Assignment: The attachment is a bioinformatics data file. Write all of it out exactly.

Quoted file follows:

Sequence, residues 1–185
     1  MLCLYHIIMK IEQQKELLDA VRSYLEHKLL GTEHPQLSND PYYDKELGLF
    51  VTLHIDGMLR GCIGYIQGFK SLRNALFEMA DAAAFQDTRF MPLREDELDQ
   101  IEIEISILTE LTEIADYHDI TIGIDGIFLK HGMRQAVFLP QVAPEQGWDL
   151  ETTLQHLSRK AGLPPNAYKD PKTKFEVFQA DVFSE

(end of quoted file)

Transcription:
Sequence, residues 1–185
     1  MLCLYHIIMK IEQQKELLDA VRSYLEHKLL GTEHPQLSND PYYDKELGLF
    51  VTLHIDGMLR GCIGYIQGFK SLRNALFEMA DAAAFQDTRF MPLREDELDQ
   101  IEIEISILTE LTEIADYHDI TIGIDGIFLK HGMRQAVFLP QVAPEQGWDL
   151  ETTLQHLSRK AGLPPNAYKD PKTKFEVFQA DVFSE